“My life amounts to no more than one drop in a limitless ocean. Yet, what is any ocean, but a multitude of drops?” — David Mitchell
Let me tell you about Icarus. He took flight with wings of feather and wax. Warned not to fly too low so as not to have the sea’s dampness clog his wings or to climb too high to have the sun melt the wax. Icarus heeded not the latter and tried to fly as close to the sun. Just as his father had warned him the wax in his wings melted as he flew too close to the sun and soon fell back to earth and into the sea.
A tale from Greek mythology that taught has taught us about ambition reaching so high that it’s bound to fail. One such ambitious failure of recent times has been the epic science fiction film Cloud Atlas directed by The Wachowskis and Tom Tykwer.
The film was adapted from the novel of the same name by author David Mitchell which looked to take six stories set in 19th-century South Pacific and right up to a distant, post-apocalyptic future. Each story’s characters and actions would connect with each other through the six different time and space. The film attempts to do what Mitchell’s novel did through several hundred dense and detailed pages.
Just like Icarus The Wachowski and Tom Tykwer’s attempt to connect the lives and actions of all six stories amounts for what admirers and detractors can only agree on as an admirable and ambitious failure.
The film boasts a large ensemble cast led by Tom Hanks, Halle Berry, Jim Broadbent, Hugh Grant and Hugo Weaving. More than one of the actors in the cast would perform characters in each and every six interconnecting stories in the film which added a sense of rhythmic continuity to the whole affair, but also made for some very awkward and uncomfortable scenes of what could only amount to as “yellowface”. This was most evident in the story set in 22nd-century Neo Seoul, South Korea where actors such as James D’Arcy, Jim Sturgess, Keith David and Hugo Weaving have been heavily made-up to look Asian.
Cloud Atlas was and is a sprawling film that attempts to explore the theme that everything and everyone is connected through time and space. It’s how the action of one could ripple through time to have a profound effect on others which in turn would create more ripples going forward through time. The film both succeeds and fails in portraying this theme.
It’s the film’s narrative style to tell the six stories not in a linear fashion from 19th-century to the post-apocalyptic future, but instead allow all six tales to weave in and out of each other. At times this weaving style and how it would seamlessly go from one time location to another without missing a beat made for some very powerful and emotional moments. But then it would also make these transitions in such a clunky manner that it brings one out of the very magical tale the three directors were attempting to weave and tell.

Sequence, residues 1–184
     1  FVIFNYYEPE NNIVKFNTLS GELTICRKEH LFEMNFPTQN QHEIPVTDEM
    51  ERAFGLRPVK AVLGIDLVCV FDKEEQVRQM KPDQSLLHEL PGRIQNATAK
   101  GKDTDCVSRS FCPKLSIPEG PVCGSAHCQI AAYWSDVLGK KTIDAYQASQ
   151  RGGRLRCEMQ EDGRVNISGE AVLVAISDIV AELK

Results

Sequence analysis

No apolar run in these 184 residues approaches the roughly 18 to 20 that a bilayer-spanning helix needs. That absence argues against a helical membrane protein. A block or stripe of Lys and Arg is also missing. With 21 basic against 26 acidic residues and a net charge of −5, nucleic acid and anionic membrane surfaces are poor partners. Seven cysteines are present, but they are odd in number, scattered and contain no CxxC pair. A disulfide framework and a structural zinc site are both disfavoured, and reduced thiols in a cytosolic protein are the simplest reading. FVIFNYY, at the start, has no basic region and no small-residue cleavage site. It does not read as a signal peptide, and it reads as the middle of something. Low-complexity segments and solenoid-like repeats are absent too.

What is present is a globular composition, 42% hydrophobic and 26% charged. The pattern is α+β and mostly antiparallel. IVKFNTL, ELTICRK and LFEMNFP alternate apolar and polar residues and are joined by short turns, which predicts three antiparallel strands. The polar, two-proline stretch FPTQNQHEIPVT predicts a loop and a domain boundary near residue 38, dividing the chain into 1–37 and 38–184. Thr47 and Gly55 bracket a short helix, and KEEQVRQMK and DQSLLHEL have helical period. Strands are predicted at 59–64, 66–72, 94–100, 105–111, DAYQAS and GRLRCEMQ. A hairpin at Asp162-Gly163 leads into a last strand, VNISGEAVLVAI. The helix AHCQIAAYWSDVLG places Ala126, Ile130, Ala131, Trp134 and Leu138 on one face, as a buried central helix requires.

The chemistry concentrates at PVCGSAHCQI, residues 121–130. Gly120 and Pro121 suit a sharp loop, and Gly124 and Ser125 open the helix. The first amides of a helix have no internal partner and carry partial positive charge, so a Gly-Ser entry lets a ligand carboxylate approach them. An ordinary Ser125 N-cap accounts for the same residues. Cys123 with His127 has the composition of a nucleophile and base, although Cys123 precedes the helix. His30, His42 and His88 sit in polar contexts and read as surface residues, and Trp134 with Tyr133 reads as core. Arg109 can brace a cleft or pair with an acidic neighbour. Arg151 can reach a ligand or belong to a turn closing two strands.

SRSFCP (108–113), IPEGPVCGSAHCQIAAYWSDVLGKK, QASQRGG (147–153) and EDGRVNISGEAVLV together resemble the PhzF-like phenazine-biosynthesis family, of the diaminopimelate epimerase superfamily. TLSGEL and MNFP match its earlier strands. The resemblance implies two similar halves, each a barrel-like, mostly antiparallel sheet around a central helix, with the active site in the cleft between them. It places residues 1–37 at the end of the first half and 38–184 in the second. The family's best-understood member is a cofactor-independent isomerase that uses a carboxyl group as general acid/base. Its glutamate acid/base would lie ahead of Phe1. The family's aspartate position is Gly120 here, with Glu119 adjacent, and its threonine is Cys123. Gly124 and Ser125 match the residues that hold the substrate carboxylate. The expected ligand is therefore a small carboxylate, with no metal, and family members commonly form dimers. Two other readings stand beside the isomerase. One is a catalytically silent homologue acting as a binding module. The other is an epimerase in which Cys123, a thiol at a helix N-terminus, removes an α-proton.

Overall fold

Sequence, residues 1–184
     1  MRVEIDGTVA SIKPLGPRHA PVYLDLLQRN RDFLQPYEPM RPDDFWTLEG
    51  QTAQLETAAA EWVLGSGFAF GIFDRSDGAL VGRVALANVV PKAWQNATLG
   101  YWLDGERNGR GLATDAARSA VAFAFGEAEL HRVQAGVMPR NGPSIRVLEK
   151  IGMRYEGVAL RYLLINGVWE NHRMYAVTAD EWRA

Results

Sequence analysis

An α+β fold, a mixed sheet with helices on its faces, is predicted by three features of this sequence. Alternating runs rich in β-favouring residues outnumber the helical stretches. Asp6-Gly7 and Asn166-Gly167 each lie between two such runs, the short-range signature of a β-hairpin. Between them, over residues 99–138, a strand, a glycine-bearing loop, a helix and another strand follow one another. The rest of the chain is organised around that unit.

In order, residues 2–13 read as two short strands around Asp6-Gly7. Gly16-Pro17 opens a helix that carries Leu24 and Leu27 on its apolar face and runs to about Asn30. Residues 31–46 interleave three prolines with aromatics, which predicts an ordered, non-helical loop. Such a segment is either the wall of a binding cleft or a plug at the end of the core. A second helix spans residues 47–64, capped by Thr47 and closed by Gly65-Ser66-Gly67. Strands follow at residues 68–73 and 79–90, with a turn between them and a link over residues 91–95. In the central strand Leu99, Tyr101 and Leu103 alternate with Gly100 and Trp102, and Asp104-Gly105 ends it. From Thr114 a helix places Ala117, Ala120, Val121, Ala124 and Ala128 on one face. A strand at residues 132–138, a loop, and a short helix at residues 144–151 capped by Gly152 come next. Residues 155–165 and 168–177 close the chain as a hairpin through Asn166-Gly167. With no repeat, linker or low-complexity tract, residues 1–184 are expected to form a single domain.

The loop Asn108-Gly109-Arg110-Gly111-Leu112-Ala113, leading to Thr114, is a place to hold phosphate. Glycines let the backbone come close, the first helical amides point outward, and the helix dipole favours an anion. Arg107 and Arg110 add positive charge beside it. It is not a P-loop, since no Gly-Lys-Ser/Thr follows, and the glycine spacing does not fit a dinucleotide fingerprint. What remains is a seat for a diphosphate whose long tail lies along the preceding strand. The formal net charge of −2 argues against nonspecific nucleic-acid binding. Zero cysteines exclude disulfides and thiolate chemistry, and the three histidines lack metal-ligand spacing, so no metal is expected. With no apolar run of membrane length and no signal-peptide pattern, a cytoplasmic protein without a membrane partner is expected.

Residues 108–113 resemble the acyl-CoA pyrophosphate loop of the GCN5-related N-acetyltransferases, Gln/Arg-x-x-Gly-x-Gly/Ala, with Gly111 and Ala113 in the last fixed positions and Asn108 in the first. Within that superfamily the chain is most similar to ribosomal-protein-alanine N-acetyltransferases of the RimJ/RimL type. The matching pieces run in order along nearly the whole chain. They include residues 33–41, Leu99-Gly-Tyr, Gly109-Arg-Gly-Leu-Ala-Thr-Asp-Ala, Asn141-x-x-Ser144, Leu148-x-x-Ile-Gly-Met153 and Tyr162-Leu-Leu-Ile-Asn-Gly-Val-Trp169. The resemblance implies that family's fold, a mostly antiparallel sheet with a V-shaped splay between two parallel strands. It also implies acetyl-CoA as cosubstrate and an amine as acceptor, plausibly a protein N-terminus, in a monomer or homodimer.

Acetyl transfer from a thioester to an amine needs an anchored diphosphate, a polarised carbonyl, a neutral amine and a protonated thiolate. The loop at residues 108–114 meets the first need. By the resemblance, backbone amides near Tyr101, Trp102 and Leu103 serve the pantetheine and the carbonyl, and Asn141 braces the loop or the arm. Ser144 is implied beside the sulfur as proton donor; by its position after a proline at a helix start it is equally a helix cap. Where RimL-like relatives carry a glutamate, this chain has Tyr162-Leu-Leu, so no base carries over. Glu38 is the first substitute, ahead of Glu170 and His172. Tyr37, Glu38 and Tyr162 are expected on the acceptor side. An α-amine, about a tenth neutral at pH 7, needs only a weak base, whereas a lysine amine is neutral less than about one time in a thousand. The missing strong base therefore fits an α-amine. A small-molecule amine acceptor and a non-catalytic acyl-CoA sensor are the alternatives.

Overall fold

Yet, even through some of it’s many faults and failings the film does succeed in some way due to the performances of the ensemble cast. Even despite the awkwardness of the “yellowface” of the Neo Seoul sequence the actors in the scenes perform their roles such admirable fashion. One would think that someone like Tom Hanks who has become such a recognizable presence in every film he appears in wouldn’t be able to blend into each tale being shown and told, but he does so in Cloud Atlas and so does everyone else.
It helps that the film was held up from a very hard landing after reaching so high with an exquisite and beautiful symphonic score composed by Tom Tykwer, Reinhold Heil and Johnny Klimek. It’s a score that manages to accentuate the film’s exploration of emotions and actions rippling through time without ever becoming too maudlin and pandering to the audiences emotions.
Cloud Atlas was hyped as the next epic science fiction film from The Wachowskis and Tom Tykwer leading up to it’s release. This hype was further built-up with thundering standing ovation during it’s screening at the 37th Toronto International Film Festival. But once the film finally was released and more critics and the general public were able to see it for themselves the reaction have been divisive. This was a film that brooked no middle-ground. One either loved it flaws and all or hated it despite what it did succeed in accomplishing amongst the failures.
Just like Icarus, Cloud Atlas and it’s three directors had high ambitions for the film. It was a goal that not many filmmakers seem to want to put themselves out on the limb for nowadays because of how monumental the failure can be if their ambitions are just too high. It’s been the reputation of The Wachowskis since they burst into the scene with their Matrix trilogy. Their eclectic and, somewhat esoteric, storytelling style have made all their films an exercise in high-risk, high reward affairs that makes no apologies whether they succeed or fail. Each of their films have a unique vision that they want to share with the world and they make no compromises in how this vision is achieved.
One could call Cloud Atlas an ambitious failure. It could also be pop, New Age psychobabble wrapped up in so-called high-art. Yet, what the two siblings and Tom Tykwer were able to achieve with the film has been nothing less by brave and daring. If more filmmakers were willing to allow their inner Icarus to fly then complaints of Hollywood and the film industry not having anymore fresh new ideas would fade.